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March 11, 2010
2 Min Read
Google's new mapping service for bike riders is drawing gufffaws and worse from New Yorkers who liken the California-based search giant to a clueless tourist who thinks the Battery's up and The Bronx is down.
"A helmet may not be enough to protect cyclists from Google Maps' latest feature," declared the New York Post, in a story published Thursday.
Google's bike maps are "filled with potentially fatal flaws, including routes that cut across Central Park's treacherous transverse roads and steer cyclists through truck-riddled thoroughfares," the Post said.
Post reporters who tried out the service noted several instances where Google either sent them on the wrong route or put them in harm's way from careening yellow cabs or multi-ton delivery vehicles even though safer routes were available.
Among the problems uncovered by the Post were directions that put cyclists onto stretches of Central Park off limits to two-wheelers, across the wrong side of the George Washington Bridge, and also onto a number of streets and avenues filled with dangerous traffic.
A Google spokesperson acknowledged to the newspaper that the maps are imperfect and said the company, which operates from a leafy campus in Mountain View, Calif., is working to improve its knowledge of Gotham.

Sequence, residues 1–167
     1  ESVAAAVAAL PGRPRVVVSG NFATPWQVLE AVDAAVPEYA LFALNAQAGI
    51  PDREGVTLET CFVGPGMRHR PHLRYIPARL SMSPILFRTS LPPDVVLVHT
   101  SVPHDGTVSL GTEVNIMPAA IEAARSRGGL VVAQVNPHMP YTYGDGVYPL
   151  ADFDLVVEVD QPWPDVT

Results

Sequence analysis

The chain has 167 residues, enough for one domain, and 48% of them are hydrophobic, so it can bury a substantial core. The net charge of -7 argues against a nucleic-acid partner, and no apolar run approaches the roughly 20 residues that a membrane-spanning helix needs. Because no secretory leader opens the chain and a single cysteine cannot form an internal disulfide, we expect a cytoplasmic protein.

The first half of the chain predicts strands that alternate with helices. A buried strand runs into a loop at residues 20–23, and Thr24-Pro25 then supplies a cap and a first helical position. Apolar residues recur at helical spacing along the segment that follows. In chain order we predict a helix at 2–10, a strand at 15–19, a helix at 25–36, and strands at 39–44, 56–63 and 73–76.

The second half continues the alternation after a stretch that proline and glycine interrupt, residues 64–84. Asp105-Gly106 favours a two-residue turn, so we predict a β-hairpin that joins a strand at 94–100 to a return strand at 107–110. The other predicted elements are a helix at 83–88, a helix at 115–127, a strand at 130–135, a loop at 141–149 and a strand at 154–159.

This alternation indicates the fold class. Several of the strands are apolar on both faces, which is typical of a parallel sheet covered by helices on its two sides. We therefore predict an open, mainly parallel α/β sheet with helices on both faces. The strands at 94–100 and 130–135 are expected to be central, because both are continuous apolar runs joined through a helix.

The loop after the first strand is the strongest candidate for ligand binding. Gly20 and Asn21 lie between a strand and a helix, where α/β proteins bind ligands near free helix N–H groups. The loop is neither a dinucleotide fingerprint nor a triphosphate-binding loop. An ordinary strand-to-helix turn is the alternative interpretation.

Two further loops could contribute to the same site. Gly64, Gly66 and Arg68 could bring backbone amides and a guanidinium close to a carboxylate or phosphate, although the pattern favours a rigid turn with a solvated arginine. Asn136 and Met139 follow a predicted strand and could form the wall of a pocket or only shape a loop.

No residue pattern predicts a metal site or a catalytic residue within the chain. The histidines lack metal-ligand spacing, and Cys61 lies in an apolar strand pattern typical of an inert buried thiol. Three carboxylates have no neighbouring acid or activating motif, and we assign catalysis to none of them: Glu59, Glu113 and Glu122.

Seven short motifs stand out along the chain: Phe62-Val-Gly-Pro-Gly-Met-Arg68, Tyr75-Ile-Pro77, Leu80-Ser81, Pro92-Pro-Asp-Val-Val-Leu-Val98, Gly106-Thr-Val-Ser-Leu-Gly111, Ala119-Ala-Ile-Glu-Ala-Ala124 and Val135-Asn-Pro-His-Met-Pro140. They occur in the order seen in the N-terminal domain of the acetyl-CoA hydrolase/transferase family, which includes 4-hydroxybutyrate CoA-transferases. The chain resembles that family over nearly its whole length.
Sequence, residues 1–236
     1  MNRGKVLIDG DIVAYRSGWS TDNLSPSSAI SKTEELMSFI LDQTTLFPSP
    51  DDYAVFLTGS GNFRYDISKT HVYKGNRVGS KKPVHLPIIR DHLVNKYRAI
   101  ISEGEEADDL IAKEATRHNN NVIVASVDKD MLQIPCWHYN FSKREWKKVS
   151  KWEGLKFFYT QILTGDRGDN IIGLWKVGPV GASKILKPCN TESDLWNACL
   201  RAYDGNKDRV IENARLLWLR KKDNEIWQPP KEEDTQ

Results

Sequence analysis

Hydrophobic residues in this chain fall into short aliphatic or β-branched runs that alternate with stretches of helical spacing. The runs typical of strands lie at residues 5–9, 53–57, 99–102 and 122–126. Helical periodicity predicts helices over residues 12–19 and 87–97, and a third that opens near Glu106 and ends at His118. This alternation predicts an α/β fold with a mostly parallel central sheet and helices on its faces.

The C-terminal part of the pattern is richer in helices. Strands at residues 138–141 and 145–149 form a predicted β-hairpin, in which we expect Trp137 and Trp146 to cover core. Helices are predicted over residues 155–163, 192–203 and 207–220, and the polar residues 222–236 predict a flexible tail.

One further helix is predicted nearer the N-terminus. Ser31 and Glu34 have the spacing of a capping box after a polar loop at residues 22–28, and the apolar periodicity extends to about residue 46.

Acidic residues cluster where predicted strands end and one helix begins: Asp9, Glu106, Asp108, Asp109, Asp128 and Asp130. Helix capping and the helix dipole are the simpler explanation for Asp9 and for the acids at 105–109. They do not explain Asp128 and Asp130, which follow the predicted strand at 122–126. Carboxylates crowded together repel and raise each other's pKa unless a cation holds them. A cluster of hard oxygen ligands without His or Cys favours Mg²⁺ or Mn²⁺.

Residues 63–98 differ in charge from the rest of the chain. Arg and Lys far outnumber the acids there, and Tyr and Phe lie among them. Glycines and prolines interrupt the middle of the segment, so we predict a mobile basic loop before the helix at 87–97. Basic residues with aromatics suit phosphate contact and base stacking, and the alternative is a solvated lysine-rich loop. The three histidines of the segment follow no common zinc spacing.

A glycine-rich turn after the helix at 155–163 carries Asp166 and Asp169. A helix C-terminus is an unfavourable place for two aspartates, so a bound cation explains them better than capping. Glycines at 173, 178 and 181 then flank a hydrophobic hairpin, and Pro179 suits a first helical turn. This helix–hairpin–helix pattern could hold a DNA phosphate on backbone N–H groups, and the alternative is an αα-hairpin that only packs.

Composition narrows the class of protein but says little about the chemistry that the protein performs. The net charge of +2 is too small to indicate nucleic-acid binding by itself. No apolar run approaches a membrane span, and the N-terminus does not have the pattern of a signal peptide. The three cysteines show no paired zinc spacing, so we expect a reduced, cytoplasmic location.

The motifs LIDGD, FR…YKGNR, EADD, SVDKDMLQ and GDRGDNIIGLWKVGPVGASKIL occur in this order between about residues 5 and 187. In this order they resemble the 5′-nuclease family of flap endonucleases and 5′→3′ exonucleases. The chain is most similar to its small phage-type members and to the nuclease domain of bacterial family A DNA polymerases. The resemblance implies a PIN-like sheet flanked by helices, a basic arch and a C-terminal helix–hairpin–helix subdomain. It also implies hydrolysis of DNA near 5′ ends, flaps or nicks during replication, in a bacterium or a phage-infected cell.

Google introduced the new service, an add-on to Google Maps, with a blog post Wednesday from product manager Shannon Guymon. Without a hint of irony, Guymon said Google didn't want to roll out the service until it was perfect.
"My team has been keeping close tabs on all the public support for biking directions that's been steadily coming in," Guymon wrote. "But we knew that when we added the feature, we wanted to do it right," said Guymon.
Guymon's team, apparently, needs to learn more about what it takes to get to Carnegie Hall: practice, practice, practice.
InformationWeek has published an in-depth report on how CIO Dana Deasy helped transform BP's tech approach. Download the report here (registration required).
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